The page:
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Wednesday, 04 March 2009 15:46

Popeyed pleasures

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Many people who spend some time walking the woodland stream banks and other wet areas here in the Smokies region have had the memorable experience of flushing a woodcock — that secretive, rotund, popeyed, little bird with an exceedingly long down-pointing bill which explodes from underfoot and zigzags away on whistling wings while just barely managing bat-like to dodge tree limbs and trunks.

Even if you see the woodcock land and think you’ve marked the exact spot, you’ll have a difficult time relocating it on the forest floor. The bird’s brown, barred, and cross-hatched plumage simulates dead leaf litter to perfection.

My wife, Elizabeth, and I used to jump woodcocks on a fairly frequent basis — especially this time of the year — along a trail that no longer exists due to development on neighboring property. The trail led through a rocky wooded area just across the footbridge leading to our house. In the soft mud along the creek, it was easy to locate “poke holes” — the numerous round openings woodcocks leave wherever they’ve been searching for earthworms.

Their foraging technique and bill are interesting items. In order to locate worms, woodcocks sometimes perform a “foot stomping” routine that causes the prey to move underground. These birds have keen hearing, with ear openings located below and ahead of the eyes that are ideally situated for “earthworming.”

Once movement is detected, the woodcock plunges its bill into the mud. A normal bird would at this point have difficulty opening its bill so as to grasp and ingest. But there’s no such problem for the woodcock, which can open the flexible tip-end of its prehensile bill and suck the critters right in.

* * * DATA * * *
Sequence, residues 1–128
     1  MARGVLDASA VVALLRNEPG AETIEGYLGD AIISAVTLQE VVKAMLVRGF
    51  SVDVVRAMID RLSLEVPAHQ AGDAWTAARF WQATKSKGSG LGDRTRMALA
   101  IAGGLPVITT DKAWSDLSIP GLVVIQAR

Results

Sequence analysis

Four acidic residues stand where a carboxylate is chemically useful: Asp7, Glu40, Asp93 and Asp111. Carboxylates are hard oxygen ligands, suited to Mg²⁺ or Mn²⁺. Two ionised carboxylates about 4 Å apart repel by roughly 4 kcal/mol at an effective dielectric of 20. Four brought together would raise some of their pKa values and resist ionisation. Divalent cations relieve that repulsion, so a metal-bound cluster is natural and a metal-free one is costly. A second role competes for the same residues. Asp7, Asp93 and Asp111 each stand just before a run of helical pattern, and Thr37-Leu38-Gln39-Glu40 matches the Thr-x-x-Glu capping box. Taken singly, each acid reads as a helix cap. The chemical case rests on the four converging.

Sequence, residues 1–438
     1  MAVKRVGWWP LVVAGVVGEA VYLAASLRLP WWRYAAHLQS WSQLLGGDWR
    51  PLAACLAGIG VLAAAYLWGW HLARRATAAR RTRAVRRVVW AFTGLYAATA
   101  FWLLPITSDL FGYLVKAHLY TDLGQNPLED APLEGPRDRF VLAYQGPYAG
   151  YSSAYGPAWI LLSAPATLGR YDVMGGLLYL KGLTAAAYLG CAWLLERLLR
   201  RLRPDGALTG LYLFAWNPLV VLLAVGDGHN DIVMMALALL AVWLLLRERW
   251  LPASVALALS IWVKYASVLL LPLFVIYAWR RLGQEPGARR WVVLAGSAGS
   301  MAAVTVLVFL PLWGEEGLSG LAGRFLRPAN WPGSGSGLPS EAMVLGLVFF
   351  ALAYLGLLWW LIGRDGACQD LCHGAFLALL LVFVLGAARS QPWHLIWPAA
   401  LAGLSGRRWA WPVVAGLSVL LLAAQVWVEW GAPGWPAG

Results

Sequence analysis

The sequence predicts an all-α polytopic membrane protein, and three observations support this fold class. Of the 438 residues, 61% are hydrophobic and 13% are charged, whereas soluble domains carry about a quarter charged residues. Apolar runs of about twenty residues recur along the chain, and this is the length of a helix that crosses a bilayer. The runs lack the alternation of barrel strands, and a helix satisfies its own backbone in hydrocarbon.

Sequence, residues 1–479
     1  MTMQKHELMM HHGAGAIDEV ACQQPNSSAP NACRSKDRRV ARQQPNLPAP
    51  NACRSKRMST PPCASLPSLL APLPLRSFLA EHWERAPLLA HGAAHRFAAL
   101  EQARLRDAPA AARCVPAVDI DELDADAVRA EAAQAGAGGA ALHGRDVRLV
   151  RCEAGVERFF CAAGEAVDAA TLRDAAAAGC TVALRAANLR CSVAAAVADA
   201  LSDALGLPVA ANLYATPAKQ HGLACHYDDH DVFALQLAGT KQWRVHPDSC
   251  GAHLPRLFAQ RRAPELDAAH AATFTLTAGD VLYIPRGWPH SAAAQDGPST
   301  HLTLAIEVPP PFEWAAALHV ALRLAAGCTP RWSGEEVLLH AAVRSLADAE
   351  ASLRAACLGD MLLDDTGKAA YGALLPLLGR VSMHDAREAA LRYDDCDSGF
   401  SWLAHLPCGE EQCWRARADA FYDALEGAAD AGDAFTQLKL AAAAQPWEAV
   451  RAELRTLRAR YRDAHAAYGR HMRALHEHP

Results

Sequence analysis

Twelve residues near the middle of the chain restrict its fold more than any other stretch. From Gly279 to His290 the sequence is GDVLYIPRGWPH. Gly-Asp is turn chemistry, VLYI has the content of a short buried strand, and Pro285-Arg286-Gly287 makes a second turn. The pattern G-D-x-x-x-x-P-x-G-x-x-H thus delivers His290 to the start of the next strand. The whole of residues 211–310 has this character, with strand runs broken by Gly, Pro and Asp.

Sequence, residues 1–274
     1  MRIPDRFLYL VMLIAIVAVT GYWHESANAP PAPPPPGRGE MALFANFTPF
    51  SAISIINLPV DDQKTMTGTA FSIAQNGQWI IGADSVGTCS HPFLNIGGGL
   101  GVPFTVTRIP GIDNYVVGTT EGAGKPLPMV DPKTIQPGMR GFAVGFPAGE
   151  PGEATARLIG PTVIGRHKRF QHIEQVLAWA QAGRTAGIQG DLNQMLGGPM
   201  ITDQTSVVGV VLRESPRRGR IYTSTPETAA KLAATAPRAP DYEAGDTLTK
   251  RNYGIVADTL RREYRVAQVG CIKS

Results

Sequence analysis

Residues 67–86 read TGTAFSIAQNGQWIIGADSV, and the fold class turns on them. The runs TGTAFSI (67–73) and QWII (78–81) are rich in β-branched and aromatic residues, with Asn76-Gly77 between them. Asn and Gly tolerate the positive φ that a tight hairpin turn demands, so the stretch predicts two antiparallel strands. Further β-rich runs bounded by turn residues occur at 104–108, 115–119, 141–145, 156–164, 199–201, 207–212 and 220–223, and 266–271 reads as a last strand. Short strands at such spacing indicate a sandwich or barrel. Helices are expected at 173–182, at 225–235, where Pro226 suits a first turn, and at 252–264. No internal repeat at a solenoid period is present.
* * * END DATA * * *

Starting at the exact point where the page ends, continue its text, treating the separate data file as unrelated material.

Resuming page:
“Because of its mud-probing foraging technique, the woodcock’s rather large eyes are set high and back on its head,” writes Jim Clark in an article entitled “The Tumbling Timberdoodle” that appeared in “Birder’s World” magazine. “This placement not only helps keep mud and debris out of the eyes, but also provides an additional advantage in protection.

“Its field of vision completely encircles it, enabling the bird to see directly behind itself, much to the dismay of a predator or researcher trying to capture and band it.”

Even more fascinating than the woodcock’s foraging technique and defensive eye-placement are the “nuptial” rituals involving a “falling-leaf” aerial descent performed over established “singing grounds.”

“If the winter has been mild, these vocal and non-vocal sounds (the bird produces a twittering sound with its wing primaries as it spirals downward) may be heard as early as the first week of January and will continue into April,” notes ornithologist Fred Alsop in Birds of the Smokies (1991). “The best places to look are overgrown fields, wet seepage areas, and woodland edges where the bird quietly spends the day and where its staple food of earthworms can be found. Locate your ‘spot’ during the day and return at just about sunset. Most of the singing and display begins about a half hour after sundown, especially on those nights when the temperature is mild and there is little wind ... The ‘peent’ note given on the ground may remind you of the call of a frog or the common nighthawk. Good places to listen are sites below 2,000 feet with the habitats listed above, including [in the national park] the Sugarlands Visitor Center, Oconaluftee, and Cades Cove.”

George Ellison wrote the biographical introductions for the reissues of two Appalachian classics: Horace Kephart’s Our Southern Highlanders and James Mooney’s History, Myths, and Sacred Formulas of the Cherokees. In June 2005, a selection of his Back Then columns was published by The History Press in Charleston as Mountain Passages: Natural and Cultural History of Western North Carolina and the Great Smoky Mountains. Readers can contact him at P.O. Box 1262, Bryson City, N.C., 28713, or at This email address is being protected from spambots. You need JavaScript enabled to view it. .

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